But the highway authority were consulted on subsequent planning applications, including that part of the access and approved the use industrial access - usual conditions like no obstruction of visibility splay etc?

I can only refer again to the above that planning permission does not infer or confer any property rights or easements. Planning permission is an unsafe basis on which to seek to establish any form of proprietary right over land I fear

Customer: replied 4 days ago.
Full scaled plans were submitted in subsequent applications which ask the highway authority if they have any objections to including the land within the access to the change of use area, to which there was no objection. Usually if there was a reluctance to allow that right of way for a valid reason then as part of the consultation the highway authority would recommend a refusal but they commented that it was an existing access and deemed safe and commented that the number and the types of vehicles to use the access was acceptable?
Customer: replied 4 days ago.
Just to be clear its only the verge in the highway ownership ( access off the main road )the rest belongs to the land owner

I understand what you are seeking to establish but I can only refer you again to my above comments that are planning permission is not a basis on which you can establish any form of proprietary right in land be is a right of way or otherwise. I do not suggest that the local authority may not have acted improperly from what you describe in respect of one or more of these planning applications but irrespective of that being the case, that would still not establish any form of proprietary interest. In order to establish a right of way, you would either need an express grant by the landowner in the local authority from what you describe or 20 continuous years of use of the right of way under the prescription act or the doctrine of lost modern grant.

Customer: replied 4 days ago.
Thank you kindly and when a section 171 licence has been granted to work on a highway, can it be revoked? If the authority then think that they have made a mistake?

a section 171 licence will usually be granted subject to conditions and the council usually similarly reserve a right to revoke the licence on breach of any of the conditions set out in the licence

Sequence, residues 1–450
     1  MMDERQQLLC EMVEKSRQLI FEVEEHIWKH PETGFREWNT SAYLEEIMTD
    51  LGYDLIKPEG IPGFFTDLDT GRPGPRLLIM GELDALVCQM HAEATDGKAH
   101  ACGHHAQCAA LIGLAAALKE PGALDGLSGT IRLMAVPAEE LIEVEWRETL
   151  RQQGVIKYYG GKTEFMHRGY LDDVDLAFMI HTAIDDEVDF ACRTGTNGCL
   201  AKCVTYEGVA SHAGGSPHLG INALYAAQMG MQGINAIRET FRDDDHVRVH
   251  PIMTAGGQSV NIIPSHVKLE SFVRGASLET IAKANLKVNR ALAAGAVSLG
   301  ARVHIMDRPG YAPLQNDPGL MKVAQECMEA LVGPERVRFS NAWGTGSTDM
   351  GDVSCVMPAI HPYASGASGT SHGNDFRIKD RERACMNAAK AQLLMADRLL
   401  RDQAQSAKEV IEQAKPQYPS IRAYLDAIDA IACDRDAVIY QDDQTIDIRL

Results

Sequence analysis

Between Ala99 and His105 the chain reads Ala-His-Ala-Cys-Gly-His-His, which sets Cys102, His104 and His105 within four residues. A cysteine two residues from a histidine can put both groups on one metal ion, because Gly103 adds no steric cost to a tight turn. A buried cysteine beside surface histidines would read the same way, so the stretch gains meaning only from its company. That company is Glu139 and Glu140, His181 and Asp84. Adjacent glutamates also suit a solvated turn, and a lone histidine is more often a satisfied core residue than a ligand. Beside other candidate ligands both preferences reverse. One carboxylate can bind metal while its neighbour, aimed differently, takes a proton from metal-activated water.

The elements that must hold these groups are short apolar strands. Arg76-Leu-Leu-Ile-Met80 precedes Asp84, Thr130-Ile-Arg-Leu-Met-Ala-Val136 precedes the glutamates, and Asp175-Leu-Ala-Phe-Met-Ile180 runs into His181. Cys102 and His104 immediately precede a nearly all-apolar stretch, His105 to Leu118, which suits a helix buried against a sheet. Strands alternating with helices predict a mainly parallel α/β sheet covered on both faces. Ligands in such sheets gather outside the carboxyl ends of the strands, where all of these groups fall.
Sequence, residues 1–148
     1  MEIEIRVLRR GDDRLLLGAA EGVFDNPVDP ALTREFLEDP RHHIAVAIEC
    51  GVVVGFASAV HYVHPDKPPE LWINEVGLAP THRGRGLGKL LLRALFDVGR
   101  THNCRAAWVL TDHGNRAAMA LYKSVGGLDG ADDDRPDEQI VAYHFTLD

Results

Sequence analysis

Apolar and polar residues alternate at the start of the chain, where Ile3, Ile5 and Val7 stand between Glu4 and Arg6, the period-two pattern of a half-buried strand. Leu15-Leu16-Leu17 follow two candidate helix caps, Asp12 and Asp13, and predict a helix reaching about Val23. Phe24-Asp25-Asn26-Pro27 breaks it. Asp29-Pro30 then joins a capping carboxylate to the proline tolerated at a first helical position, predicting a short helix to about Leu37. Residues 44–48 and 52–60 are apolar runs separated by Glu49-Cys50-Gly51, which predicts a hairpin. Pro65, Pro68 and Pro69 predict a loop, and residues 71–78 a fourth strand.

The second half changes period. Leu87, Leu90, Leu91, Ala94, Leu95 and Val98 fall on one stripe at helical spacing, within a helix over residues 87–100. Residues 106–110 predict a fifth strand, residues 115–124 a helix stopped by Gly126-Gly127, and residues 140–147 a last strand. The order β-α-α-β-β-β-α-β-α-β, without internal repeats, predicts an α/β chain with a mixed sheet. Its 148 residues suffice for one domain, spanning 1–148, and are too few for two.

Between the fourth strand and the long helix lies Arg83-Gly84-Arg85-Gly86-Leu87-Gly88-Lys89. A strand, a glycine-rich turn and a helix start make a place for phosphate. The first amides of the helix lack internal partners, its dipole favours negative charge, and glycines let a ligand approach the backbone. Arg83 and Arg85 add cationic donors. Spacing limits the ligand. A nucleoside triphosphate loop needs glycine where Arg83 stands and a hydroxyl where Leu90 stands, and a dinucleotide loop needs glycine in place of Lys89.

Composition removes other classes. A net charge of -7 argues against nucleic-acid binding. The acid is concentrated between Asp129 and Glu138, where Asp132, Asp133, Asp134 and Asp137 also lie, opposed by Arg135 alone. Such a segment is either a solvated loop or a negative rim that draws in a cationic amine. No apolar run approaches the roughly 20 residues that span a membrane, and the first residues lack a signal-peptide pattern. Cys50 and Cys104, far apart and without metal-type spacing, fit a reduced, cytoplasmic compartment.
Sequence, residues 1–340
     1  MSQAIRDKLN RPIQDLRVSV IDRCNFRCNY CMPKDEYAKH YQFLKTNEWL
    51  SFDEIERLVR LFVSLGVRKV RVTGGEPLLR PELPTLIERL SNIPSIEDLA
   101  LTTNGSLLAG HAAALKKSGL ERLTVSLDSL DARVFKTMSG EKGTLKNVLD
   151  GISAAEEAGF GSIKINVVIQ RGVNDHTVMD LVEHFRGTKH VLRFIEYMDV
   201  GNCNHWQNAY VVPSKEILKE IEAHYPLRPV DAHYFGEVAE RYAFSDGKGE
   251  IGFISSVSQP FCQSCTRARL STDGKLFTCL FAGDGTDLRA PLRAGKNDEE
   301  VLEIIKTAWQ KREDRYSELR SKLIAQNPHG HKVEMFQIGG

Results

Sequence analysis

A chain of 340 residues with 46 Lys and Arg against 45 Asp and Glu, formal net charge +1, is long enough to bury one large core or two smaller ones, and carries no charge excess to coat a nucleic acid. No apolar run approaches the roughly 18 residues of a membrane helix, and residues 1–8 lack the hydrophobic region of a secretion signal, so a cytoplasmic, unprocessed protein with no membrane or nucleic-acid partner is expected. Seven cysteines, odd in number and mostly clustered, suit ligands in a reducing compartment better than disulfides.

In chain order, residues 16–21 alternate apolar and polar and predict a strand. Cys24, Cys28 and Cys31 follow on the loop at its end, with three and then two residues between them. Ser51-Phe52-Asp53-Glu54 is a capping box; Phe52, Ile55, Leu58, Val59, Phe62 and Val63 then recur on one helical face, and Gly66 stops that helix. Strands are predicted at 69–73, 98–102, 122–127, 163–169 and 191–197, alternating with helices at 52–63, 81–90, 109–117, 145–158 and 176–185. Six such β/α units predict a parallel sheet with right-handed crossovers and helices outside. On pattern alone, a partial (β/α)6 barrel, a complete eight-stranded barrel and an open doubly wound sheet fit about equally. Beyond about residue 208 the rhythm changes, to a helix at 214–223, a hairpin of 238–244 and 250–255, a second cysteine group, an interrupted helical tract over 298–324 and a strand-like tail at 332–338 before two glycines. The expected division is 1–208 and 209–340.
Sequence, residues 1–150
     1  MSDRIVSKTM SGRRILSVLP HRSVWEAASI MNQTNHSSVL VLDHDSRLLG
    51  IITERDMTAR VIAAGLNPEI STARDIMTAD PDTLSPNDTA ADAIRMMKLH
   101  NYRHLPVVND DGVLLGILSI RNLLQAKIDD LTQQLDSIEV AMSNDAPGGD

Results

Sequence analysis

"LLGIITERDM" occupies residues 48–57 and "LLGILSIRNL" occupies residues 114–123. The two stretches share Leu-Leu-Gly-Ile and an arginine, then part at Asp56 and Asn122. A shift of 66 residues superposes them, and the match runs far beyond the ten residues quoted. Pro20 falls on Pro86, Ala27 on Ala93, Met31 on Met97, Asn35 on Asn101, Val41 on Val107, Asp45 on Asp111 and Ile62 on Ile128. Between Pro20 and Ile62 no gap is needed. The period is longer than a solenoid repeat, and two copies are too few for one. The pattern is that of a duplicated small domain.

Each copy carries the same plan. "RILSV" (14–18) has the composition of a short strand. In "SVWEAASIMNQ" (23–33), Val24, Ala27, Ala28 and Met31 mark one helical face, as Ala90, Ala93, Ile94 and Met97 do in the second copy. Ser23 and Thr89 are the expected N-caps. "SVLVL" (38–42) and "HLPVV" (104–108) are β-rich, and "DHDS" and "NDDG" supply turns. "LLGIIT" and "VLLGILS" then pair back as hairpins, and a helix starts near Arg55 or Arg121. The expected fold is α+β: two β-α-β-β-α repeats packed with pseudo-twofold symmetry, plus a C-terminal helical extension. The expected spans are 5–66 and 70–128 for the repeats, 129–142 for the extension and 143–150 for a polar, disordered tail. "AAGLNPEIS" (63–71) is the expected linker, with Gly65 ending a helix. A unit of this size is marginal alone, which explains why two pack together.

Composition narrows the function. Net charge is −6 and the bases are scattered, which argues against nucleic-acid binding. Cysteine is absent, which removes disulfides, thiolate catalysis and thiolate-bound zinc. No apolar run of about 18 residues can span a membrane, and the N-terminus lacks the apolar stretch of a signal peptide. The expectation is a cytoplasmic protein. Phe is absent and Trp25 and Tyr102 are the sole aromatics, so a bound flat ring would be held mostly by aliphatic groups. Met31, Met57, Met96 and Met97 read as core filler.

Customer: replied 4 days ago.
It was issued without any conditions and to cover those works already made with clear wording but then they said that it was a mistake because they had not fully understood the history?
Customer: replied 4 days ago.
now being asked to remove those works but had been granted a licence to cover what had already been done and some slight re profiling

What works did you carry out under the licence?

Customer: replied 4 days ago.
It was a licence to deposit material on the highway to create a bund for drainage / flood prevention by directing water to the road side ditch. All worded correctly and without conditions but then after the licence was issued another member of management decided that following a review it should not have been issued

Thanks. A s171 licence is used to allow for the temporary depositing of materials on a highway or to allow excavation. It does not grant authority to carry out other works to the highway so far as I am aware. I am therefore not certain this licence would have covered any works carried out to the area in any event?

Customer: replied 4 days ago.
The wording says that a 171 allows for depositing on the highway and or minor works to the highway
Customer: replied 4 days ago.
Am I able to pay for a call maybe to go into more detail with you?

S171 provides for excavation in terms of works but not alterations to the road.

https://www.legislation.gov.uk/ukpga/1980/66/section/171

Customer: replied 4 days ago.
Thank you I will study this, are we able to schedule a call?

I am available on Monday if you would like to speak.

Customer: replied 4 days ago.
Thank you, ***** ***** details of how to make those arrangements

you can request a phone call or alternatively, I can offer phone call service on Monday through the website